After a contentious battle, the Legislature has passed two environmental measures long sought by Governor Inslee: A cap-and-trade mechanism and low-carbon fuel standards (LCFS). AGC opposed both measures but appreciated language inserted into both bills that tie them to a future transportation-funding package.
The first, E2SSB 5126, would cap greenhouse gas emissions by major carbon emitters. The cap would slowly decrease over time and companies would need to shrink their emissions or purchase carbon allowances, a trade-off that proponents say encourages industries to invest in green energy. Revenue raised would go toward a handful of proposed funds, including transportation projects and programs that help fund transitions to cleaner energy sources. A summary of the very complex legislation can be found here; the bill as passed can be found here.
The bill is connected to a transportation-investment package in two ways: It says that compliance obligations for covered and opt-in entities will not take effect until a separate additive transportation-funding act, which includes a gas-tax increase of at least five cents, is enacted. Plus, it directs distribution of part of the auction revenues for the Forward Flexible Account, an account that would be created by Sen. Hobbs’ transportation-funding package, for specified purposes including clean transportation, natural climate resiliency, clean-energy transition and assistance, and energy-efficiency projects.
Senate Transportation Committee chair Steve Hobbs introduced a 16-year, $17.8-billion undertaking known as Forward Washington, which counts on $5.2 billion of cap-and-invest revenue. The measure also includes a gas-tax increase. Hobbs’ package contained money to rebuild the U.S. 2 trestle in Snohomish County, pay Washington’s share of a new I-5 bridge across the Columbia River, fund dozens of new projects and fish-passage obligations, increase preservation and maintenance funds, build new state ferries and bolster public transit. The package did not pass the Legislature, but the linkages to it contained in the cap-and-trade bill help ensure its consideration in a special legislative session or in the 2022 legislative session.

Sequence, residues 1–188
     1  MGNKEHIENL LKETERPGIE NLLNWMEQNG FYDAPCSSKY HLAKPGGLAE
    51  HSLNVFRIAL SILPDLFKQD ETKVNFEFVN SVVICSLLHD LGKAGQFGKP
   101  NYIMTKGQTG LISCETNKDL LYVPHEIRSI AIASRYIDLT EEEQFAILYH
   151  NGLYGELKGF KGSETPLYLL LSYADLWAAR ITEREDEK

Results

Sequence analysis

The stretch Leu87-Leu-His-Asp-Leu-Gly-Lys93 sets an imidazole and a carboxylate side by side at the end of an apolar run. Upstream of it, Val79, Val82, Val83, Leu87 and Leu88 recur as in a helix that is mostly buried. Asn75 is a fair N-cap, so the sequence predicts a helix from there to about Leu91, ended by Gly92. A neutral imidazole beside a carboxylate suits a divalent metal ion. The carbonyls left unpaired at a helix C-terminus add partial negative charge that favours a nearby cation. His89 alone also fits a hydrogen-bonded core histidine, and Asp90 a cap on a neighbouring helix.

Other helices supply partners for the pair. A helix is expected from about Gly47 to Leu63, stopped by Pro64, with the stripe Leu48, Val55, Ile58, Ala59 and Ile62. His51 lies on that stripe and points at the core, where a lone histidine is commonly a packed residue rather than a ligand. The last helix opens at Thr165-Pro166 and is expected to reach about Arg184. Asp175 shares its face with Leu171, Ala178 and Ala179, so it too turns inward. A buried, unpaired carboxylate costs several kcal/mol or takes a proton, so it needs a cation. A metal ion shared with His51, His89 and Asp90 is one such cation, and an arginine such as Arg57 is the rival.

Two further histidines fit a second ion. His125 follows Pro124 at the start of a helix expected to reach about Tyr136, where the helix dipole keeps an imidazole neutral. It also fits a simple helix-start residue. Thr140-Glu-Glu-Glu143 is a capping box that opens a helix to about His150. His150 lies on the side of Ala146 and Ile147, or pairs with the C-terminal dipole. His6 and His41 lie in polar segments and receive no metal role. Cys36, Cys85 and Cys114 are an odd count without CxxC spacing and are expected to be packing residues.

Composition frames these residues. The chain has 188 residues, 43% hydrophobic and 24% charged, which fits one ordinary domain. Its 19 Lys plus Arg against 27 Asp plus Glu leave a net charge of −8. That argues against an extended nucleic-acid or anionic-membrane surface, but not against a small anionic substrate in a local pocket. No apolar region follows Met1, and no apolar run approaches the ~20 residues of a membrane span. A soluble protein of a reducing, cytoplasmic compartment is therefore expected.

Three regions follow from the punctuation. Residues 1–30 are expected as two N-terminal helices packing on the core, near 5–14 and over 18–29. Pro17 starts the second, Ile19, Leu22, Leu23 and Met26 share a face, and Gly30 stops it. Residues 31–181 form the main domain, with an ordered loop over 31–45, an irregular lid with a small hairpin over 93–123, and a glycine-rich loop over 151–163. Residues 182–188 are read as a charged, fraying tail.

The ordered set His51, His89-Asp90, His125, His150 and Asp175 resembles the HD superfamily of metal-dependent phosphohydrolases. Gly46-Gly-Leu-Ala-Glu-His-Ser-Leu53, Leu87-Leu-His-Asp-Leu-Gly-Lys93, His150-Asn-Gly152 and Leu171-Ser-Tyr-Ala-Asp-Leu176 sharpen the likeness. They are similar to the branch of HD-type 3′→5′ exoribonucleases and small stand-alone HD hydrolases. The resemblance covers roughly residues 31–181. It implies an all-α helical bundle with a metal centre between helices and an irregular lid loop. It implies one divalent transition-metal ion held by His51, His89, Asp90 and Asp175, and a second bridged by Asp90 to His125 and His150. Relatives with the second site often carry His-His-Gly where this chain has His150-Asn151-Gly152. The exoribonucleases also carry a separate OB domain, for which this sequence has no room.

Meanwhile, the Legislature also passed E3SHB 1091, implementing a low-carbon fuel standard (LCFS). LCFS legislation has long been oppose by AGC and it failed in each of the last four legislative sessions. This year, however, the Democratic majority was large enough to overcome opposition.
The bill directs the Department of Ecology to adopt rules establishing a Clean Fuels Program (CFP) to limit the aggregate, overall greenhouse-gas emissions per unit of transportation fuel energy to 20 percent below 2017 levels by 2035 by, for example, increasing the percentage of low carbon-emitting biofuels used in a gallon of gas. It also requires the CFP to include processes for registering, reporting and tracking compliance obligations and to establish bankable, tradeable credits used to satisfy compliance obligations. A summary can be found here; the bill as passed can be found here.
This bill also has a link to a transportation package, as its compliance mechanism would not take effect until a major transportation-funding package is enacted.
For more information, contact AGC chief lobbyist Jerry VanderWood.